Also not covered are preexisting conditions, defined as anything treated -- or for which a "prudent person" should have sought treatment -- during the previous 12 months to five years, depending on the insurer.
Insurers can also bar coverage for any condition a patient develops after their initial enrollment period, even if they want to sign up again for another term with the same insurer.
Broker Kelly Rector in O'Fallon, Mo., cautions consumers: "Even if they're healthy enough to get on the plan now, but have a heart attack in a month, they won't be able to reapply and will be out of coverage for the rest of the year," until the next ACA open enrollment.
Sold by a wide range of insurers, the plans usually pay a percentage of the cost for medical care, after the policyholder pays a deductible, which can range from $1,000 to $10,000 or more per contract term.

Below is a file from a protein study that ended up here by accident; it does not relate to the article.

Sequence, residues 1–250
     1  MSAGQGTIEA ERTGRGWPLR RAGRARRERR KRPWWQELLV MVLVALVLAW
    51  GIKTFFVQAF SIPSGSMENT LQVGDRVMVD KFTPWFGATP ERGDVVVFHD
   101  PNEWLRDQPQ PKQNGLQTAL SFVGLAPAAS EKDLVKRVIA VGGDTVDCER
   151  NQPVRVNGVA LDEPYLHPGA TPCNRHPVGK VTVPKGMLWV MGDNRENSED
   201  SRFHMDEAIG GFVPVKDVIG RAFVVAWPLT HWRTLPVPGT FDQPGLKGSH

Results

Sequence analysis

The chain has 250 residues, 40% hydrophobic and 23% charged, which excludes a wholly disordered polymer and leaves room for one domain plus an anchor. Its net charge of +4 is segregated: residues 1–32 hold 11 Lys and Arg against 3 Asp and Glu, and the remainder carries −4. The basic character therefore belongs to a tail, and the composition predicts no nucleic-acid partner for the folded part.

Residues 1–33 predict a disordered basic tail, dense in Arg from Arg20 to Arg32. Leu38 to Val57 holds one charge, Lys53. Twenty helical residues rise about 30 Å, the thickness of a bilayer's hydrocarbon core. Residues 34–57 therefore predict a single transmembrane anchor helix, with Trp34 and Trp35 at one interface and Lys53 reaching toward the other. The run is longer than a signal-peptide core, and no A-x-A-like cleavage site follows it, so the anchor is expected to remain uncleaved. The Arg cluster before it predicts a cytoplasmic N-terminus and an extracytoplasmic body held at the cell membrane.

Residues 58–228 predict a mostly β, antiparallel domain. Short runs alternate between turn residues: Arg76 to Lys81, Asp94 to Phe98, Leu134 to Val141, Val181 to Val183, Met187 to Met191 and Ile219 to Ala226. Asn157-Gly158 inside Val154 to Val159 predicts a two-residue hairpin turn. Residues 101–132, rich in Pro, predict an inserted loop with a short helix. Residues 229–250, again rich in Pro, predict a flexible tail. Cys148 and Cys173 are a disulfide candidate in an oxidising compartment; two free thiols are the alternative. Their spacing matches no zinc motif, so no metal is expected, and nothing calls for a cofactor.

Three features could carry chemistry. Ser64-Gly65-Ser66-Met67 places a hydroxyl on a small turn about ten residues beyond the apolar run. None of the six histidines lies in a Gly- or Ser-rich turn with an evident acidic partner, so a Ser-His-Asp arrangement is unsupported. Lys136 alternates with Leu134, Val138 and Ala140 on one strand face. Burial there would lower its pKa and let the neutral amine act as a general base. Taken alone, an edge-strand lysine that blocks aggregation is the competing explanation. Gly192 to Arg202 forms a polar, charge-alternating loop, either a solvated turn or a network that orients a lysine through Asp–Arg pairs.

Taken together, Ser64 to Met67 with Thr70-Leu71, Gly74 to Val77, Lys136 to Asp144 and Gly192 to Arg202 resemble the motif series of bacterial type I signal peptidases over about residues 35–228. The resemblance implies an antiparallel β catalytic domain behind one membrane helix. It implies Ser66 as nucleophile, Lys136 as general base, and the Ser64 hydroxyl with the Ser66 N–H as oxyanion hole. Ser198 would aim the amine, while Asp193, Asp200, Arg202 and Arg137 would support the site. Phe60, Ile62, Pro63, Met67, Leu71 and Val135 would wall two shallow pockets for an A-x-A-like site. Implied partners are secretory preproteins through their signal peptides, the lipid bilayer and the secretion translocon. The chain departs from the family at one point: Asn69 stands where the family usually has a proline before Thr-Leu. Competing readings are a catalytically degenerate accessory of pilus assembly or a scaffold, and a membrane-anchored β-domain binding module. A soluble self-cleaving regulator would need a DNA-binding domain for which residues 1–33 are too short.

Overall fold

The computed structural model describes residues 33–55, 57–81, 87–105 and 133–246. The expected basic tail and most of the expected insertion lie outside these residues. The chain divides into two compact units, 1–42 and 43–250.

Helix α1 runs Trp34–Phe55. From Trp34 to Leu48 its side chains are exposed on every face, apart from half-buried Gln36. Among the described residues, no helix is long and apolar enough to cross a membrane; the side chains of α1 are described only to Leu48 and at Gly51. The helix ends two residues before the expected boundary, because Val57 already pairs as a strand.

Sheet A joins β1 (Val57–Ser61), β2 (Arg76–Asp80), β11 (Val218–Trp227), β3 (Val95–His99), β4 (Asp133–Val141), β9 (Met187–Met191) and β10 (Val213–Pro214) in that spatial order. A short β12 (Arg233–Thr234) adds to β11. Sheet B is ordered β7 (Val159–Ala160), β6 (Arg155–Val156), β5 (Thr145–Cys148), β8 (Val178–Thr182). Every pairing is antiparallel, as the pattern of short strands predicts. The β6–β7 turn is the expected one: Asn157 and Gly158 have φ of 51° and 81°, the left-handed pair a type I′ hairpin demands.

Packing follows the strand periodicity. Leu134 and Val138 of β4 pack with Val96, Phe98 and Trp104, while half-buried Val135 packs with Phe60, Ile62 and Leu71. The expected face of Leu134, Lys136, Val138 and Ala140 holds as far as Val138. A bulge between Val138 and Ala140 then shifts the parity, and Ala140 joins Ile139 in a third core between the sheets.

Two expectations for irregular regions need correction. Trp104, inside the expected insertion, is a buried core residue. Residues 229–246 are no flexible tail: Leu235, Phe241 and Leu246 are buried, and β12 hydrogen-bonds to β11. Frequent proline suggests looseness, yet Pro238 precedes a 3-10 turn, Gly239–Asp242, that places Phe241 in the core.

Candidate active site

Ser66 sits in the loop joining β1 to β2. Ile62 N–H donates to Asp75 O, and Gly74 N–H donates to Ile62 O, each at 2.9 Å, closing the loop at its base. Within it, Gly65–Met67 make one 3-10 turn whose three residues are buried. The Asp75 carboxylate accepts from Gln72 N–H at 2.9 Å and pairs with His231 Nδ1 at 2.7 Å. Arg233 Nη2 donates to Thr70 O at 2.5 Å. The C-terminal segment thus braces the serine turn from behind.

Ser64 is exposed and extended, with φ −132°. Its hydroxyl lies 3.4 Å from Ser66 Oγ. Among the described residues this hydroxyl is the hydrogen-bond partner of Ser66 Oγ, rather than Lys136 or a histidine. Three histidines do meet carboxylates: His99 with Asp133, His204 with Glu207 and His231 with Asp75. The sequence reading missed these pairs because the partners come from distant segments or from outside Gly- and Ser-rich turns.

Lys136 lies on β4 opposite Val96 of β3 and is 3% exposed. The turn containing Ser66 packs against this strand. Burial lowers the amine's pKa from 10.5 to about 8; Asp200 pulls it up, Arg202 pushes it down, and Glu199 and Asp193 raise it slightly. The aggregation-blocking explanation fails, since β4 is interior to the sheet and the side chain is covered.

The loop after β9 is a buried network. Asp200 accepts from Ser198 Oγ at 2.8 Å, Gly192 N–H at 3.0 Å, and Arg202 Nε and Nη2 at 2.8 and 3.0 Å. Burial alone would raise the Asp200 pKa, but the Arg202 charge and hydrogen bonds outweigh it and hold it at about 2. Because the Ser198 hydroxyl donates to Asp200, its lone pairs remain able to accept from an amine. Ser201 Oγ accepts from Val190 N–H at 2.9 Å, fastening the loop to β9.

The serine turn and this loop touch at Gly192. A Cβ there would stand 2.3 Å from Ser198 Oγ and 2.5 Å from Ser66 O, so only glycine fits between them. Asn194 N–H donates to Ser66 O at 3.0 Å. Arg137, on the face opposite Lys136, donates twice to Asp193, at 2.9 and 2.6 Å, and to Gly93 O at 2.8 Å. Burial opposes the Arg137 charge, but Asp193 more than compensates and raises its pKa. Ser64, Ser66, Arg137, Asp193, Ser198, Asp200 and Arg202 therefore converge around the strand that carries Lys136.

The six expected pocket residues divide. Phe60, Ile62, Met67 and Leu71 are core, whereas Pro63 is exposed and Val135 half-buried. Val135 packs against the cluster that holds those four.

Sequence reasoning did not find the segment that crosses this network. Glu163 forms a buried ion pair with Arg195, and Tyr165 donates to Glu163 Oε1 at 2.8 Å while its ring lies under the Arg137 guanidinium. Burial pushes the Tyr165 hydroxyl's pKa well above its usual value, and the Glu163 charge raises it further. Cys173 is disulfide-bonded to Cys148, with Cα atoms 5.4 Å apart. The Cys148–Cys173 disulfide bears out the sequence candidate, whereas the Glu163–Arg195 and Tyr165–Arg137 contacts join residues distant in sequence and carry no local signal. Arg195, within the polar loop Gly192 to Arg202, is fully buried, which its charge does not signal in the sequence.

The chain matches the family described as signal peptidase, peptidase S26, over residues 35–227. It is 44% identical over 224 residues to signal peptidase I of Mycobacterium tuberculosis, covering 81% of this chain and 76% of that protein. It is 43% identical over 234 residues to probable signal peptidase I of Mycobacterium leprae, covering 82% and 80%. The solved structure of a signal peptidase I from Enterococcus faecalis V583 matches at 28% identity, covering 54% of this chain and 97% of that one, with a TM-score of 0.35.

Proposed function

Already, insurers have begun offering plans that seem to anticipate that the Trump administration will restore the ability to hold short-term plans for 364 days.
National General's package, for example, guarantees "eligibility for three more consecutive plans." However, on those packages and similar ones offered by other insurers, the deductible resets every 90 days, so the patient would be on the hook for that amount every three months. That means a $5,000 deductible could grow to $20,000 if the policy were kept for the full year.
Premiums vary by insurer and other factors, including age, the deductible and how much coverage the plan provides.
Holtzman says a National General plan for her 46-year-old client, his wife and two children in Georgia with a $2,500 deductible every 90 days would cost $1,348 a month.
That's appealing when compared with his current ACA plan, Holtzman said, for which the premium would be about $1,900 a month next year, with a $3,000 annual deductible.
Still, if the family enrolled in a different ACA plan than his current coverage, the differences narrow.